Michael Pesin, OE-10
Michael Pesin is the Deputy Assistant Secretary, Grid Systems and Components
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The Office of Electricity’s (OE) Grid Systems and Component Division ensures that the nation’s electric grid can accommodate and support all electrical generation sources and loads. When I’m asked to describe what the division does, I start by telling my audience to envision the electric grid as a house. A house consists of many different elements: a roof, windows, doors, and more. The inhabitants often focus on the home’s most visible components like its bathrooms, flooring, or kitchen appliances. The home’s most critical component, though, is a well-built foundation. Without this strong foundation, the quality of windows, floors, and appliances is irrelevant; the house will crumble. 

The electricity delivery system—which includes transmission and distribution systems— is like a home’s foundation, and that home is rapidly evolving. Our electric grid’s foundation was originally designed over a century ago without considering the many new challenges faced by the grid today. The division I lead focuses on the research, development, and pilot demonstrations of that foundational system—one that interconnects all sources of generation with electric loads, efficiently bringing electricity from its point of origin to the destinations where it is needed. 

To build a 21st-century electricity grid to power our communities, we need a new generation of equipment and systems at the grid foundation to ensure it is reliable, resilient, secure, and affordable. Our program’s portfolio considers holistic solutions to improve the foundation’s systems and components. The right foundation should not only support the house that is built today, but also ensure that any future changes or additions to the house can be reliably supported.

We start by looking at the grid’s architecture from a high level and examine the impacts from changes to the generation portfolio, load, and consumers’ energy demands and expectations. We then analyze systems, such as microgrids, that make up this architecture and consider how they may need to change to address challenges. We evaluate the system components—like microgrid elements and grid equipment like transformers and breakers—to determine if they need to be improved, modernized, or completely redesigned to support system functionality. And finally, we consider any new parts or materials to improve these components. This allows us to have a logical, coordinated strategy that informs all our efforts.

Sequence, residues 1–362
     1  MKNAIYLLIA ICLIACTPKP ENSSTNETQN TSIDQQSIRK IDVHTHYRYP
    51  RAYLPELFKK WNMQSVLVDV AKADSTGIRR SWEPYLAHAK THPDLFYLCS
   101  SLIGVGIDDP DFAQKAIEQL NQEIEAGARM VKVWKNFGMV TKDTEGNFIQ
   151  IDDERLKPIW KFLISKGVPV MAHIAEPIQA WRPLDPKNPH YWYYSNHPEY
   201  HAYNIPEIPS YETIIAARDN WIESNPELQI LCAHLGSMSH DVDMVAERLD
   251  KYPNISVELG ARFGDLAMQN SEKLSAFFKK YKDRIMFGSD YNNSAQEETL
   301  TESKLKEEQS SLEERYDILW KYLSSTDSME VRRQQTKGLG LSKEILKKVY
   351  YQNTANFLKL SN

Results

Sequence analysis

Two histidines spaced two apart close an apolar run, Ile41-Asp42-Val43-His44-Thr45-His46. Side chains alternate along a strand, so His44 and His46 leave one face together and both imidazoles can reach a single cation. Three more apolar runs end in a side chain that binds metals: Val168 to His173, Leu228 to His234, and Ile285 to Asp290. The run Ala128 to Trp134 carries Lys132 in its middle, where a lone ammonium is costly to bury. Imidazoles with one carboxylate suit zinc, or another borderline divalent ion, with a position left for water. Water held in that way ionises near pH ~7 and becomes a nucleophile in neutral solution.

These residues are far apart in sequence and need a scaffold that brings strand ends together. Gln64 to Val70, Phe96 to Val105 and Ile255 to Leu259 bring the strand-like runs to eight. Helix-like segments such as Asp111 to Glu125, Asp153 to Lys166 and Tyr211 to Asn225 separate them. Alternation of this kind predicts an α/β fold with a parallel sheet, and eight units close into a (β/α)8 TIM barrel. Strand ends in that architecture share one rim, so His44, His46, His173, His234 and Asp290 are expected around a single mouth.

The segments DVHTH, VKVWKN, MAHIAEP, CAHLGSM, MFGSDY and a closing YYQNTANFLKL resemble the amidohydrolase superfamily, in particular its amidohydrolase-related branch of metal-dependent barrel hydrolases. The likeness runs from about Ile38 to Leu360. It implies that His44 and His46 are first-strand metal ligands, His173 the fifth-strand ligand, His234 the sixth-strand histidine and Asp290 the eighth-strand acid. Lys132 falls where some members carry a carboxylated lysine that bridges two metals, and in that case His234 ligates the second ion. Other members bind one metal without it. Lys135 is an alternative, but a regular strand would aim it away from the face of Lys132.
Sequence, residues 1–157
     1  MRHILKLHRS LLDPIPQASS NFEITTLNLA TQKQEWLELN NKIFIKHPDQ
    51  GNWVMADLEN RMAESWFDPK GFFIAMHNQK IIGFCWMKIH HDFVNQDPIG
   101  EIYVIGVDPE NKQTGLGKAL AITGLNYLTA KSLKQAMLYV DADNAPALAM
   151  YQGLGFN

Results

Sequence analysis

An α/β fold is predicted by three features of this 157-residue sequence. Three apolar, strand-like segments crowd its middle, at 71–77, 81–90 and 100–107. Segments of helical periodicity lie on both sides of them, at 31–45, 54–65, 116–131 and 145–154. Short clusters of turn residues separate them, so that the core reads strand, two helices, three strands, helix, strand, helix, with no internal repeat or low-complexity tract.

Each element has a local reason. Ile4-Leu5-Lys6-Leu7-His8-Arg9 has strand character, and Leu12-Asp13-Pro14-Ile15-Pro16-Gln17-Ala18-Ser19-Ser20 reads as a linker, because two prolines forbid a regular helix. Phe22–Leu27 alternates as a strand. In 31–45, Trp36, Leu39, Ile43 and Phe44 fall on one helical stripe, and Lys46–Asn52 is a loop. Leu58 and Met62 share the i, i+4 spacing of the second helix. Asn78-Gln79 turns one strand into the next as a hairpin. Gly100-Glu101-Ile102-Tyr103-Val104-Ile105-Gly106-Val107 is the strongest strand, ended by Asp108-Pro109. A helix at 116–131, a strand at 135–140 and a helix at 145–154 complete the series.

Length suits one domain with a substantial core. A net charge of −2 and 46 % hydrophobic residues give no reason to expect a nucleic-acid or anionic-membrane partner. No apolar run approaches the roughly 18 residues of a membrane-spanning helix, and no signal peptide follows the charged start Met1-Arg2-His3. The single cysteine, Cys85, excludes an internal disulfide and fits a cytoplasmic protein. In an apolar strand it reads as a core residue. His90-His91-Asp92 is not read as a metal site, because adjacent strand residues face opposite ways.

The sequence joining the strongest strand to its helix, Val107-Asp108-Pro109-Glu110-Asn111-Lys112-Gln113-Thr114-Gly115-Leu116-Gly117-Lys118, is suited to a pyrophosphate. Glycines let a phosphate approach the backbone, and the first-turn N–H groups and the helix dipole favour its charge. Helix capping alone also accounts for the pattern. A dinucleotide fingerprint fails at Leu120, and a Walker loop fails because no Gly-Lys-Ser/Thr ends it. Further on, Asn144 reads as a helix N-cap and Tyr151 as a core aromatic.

Our country currently faces growing challenges posed by climate change, including more intense weather events like hurricanes and wildfires. In response, we are developing suites of tools to detect and mitigate these disasters. We have invested in drone technology, for example, which more quickly and efficiently monitors power lines in remote or wooded areas. Our work transcends the mere provision of electricity; it encompasses the creation of a resilient, sustainable, and efficient grid that underpins the promise of a better tomorrow. These all contribute to building the foundation for a brighter, cleaner, and more sustainable world, one system, one grid component at a time. 

In the world of grid infrastructure, every system and component depend on each other. To function well, they need data, controls, and communications. The three OE divisions do not operate in silos; my team works alongside the Grid Controls and Communications and Energy Storage divisions very closely. We are a united front, pursuing R&D in harmony to build a grid designed for the future. 

We need to accomplish so much to ensure that the nation’s electric grid can support our new expectations and meet ambitious decarbonization goals. The upcoming World Energy Storage Day observance helps the public understand that grid modernization is not an option; it is an absolute prerequisite for a sustainable future. And the electricity delivery system is what holds everything together. As the house changes—like adding new bathrooms or putting solar panels on the roof—we need to make sure the foundation can support it. We must ensure that our grid’s foundation, the electricity delivery system, can operate reliably and be resilient and secure while ensuring that the electricity is affordable to all.